How to Graze Cattle on Pasture

Three Parts:Checking the FencesLetting the Cattle GrazeMoving to New Grazing Pastures

One of the most sustainable and economical ways to feed cattle, grazing cattle on pasture is the easiest part of raising these beasts. The only costs and labour involved in grazing cattle is maintaining fences and turning cattle out to fresh pasture.

Part 1
Checking the Fences

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    Check fences prior to turning cattle out. Assuming that pasture fencing is already present, go around the perimeter of the pasture that you are to graze your animals in and check the fence for any broken wires, stretched wires, staples pulled out, broken posts, or trees on the fence line. Fix such weak areas as you find them accordingly.
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    Open the gate and coax or bribe the cattle through to the fresh grass. Quite often, just the activity of checking fences will bring cattle up to the gate or fence to see what you are up to. Cattle are always inquisitive and will go to discover anything that is new or different, such as activity out in the field or an open gate left deliberately or accidentally open. Thus, it shouldn't take them very long to find the open gate and the fresh grass beyond.

Part 2
Letting the Cattle Graze

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    Let them have at it! Grazing cattle is the most economical means of feeding them because you are getting them to look for their own food. They serve themselves, rather than you serving them.
    • Cattle do not need to be forced to like or eat grass; they will easily feed themselves until you determine when they should be moved to fresh pasture or when they start looking for fresh pasture.

Part 3
Moving to New Grazing Pastures

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    Repeat the fence checks for the pasture you want the cattle to graze in next before moving them there. It cannot be stressed enough the importance of checking fences before moving cattle. Sometimes you may want to check fences again during the time they are on pasture, especially if they are in an area that is big enough to allow them to graze there for three to four weeks or more, and especially if the fences themselves are old and prone to break from the stress put on them by the cattle.
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    Move the cattle from the spent pasture onto a new pasture or paddock. Cattle that are manage-intensive-grazed (MIG) will soon get accustomed to being moved at a certain time of day or after a certain time they are on pasture. Cattle that are continuously grazed on a large pasture are not trained as such, and require calm herding techniques to move them from one pasture to the other.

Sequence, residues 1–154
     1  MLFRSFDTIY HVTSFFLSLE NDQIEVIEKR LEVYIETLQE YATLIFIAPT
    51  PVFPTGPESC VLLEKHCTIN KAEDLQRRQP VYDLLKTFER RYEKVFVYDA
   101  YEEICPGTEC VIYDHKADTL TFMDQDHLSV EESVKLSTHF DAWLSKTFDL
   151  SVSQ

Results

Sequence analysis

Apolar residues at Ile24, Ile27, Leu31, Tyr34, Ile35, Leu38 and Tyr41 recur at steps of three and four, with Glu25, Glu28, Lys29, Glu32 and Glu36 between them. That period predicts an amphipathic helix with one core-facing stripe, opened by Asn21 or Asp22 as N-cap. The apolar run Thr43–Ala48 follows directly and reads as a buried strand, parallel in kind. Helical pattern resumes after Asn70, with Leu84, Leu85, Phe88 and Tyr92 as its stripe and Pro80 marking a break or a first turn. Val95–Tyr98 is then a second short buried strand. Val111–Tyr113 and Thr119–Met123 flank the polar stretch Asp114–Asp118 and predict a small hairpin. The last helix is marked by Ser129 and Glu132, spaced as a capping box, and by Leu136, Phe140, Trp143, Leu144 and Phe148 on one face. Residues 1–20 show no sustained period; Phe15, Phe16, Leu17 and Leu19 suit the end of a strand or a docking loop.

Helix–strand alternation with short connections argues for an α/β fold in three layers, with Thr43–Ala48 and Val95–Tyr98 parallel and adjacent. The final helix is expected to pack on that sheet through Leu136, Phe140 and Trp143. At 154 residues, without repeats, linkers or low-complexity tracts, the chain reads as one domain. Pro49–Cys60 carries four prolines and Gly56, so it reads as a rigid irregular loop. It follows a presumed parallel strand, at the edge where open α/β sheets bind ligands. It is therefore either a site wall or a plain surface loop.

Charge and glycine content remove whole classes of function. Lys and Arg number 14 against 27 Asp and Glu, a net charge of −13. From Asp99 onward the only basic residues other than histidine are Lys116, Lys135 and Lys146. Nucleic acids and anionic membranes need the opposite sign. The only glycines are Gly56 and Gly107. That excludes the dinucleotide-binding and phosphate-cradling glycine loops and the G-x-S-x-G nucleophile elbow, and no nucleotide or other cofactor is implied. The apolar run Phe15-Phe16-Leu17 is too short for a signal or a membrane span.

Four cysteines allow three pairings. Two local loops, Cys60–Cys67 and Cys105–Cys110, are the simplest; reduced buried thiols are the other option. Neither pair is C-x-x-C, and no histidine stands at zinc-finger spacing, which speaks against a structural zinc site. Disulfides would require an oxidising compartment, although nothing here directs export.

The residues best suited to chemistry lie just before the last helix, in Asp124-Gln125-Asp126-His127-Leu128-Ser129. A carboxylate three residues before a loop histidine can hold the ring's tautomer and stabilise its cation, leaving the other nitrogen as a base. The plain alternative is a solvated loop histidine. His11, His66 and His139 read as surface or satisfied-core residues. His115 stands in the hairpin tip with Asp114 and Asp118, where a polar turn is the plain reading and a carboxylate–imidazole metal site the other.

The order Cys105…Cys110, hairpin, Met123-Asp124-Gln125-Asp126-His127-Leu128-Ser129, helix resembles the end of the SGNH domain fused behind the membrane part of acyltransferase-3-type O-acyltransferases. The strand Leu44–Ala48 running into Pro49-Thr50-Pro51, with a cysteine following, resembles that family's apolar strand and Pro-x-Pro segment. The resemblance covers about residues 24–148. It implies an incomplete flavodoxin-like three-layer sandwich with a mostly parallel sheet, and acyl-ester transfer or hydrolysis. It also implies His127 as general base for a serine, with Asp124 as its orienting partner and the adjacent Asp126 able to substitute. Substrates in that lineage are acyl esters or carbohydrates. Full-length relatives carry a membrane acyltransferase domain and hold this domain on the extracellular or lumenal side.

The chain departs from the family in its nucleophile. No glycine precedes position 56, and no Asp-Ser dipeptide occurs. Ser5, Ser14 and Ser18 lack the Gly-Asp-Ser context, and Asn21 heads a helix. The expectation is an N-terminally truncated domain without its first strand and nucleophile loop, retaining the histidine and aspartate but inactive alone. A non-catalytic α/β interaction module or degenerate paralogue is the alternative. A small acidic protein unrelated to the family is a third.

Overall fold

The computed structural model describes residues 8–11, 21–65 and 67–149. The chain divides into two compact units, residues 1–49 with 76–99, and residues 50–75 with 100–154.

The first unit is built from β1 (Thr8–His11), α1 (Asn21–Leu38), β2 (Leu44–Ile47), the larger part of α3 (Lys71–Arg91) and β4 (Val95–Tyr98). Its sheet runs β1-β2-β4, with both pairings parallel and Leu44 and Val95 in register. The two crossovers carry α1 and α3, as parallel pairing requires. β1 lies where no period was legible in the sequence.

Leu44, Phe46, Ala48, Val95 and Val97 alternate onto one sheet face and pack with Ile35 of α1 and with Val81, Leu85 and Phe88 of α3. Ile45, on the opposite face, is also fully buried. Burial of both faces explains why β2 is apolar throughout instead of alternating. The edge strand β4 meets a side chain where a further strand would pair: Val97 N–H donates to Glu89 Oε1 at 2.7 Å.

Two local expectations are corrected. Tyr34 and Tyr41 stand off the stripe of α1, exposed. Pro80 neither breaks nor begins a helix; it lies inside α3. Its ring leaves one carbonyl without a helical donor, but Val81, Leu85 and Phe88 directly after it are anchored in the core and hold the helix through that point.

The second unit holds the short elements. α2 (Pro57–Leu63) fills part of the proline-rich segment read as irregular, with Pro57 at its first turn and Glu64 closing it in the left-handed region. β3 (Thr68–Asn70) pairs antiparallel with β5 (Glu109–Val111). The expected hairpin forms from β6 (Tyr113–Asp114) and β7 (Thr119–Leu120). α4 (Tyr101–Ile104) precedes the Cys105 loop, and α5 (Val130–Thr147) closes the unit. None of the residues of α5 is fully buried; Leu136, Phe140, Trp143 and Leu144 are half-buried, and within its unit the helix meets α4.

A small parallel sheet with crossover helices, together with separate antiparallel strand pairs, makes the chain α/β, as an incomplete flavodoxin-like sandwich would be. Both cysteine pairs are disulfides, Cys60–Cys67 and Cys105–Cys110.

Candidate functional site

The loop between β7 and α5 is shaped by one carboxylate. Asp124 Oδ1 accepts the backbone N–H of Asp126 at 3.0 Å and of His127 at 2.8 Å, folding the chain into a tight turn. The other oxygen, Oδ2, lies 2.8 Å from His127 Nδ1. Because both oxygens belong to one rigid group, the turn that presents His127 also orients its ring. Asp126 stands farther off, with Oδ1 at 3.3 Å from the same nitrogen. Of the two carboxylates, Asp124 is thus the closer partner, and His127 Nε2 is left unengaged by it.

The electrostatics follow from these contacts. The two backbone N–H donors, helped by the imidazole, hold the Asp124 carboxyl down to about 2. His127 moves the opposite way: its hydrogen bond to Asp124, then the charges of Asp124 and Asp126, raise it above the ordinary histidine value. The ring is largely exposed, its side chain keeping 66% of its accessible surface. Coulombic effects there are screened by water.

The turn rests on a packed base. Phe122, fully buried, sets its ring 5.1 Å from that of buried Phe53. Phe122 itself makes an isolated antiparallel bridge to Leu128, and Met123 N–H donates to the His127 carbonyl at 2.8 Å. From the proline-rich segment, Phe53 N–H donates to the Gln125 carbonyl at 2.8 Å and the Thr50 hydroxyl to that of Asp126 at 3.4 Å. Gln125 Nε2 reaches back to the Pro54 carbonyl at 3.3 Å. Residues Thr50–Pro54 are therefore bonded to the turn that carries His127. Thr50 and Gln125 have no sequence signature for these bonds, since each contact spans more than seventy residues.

• Cattle should be moved to fresh pasture when 50% to 70% of cover has been removed; this is important with rotational grazing that follows a high-intensity low-frequency form of grazing. Cattle will need to be moved sooner in a high-frequency low-intensity form of grazing where they only get to graze enough that they are taking only one bite from every plant and trampling the rest.
      • With continuous/rotational combination grazing (where one pasture is being grazed for around a month before moving the animals on to the next) remember to move them before most of the pasture gets overgrazed. This is where determining stocking rates or stocking density--used mostly for MIG--is important. The timing of when you decide to move your animals to fresh pasture depends on the pasture size (number of acres), the average body weight of the herd, and the forage quality and quantity.
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    Repeat the process from the steps above. Make sure pastures get a rest period of 25 to 30 days or more to allow plants to come back at an adequate height to be grazed again.


  • It is highly recommended to utilize MIG or rotational grazing for your pastures to improve soil quality and plant diversity and health and to minimize the need for fertilizer for your pastures!
  • Cows are intelligent enough to answer by name when they are waiting to be milked. The writer has seen this in action and it's quite impressive. However, it does require some effort in training them!
  • When cows graze, they mostly cross the field all facing and moving in the same direction. They are normally lead by one cow who can be used for management of the herd, by controlling this cow's movements when herding them into a new area.
  • Be sure to follow rest-periods for your pastures to ensure the health of the plants and to make sure that the plants are at an optimum height should they be regrazed.
  • Always check fences before turning cattle out onto new pastures.

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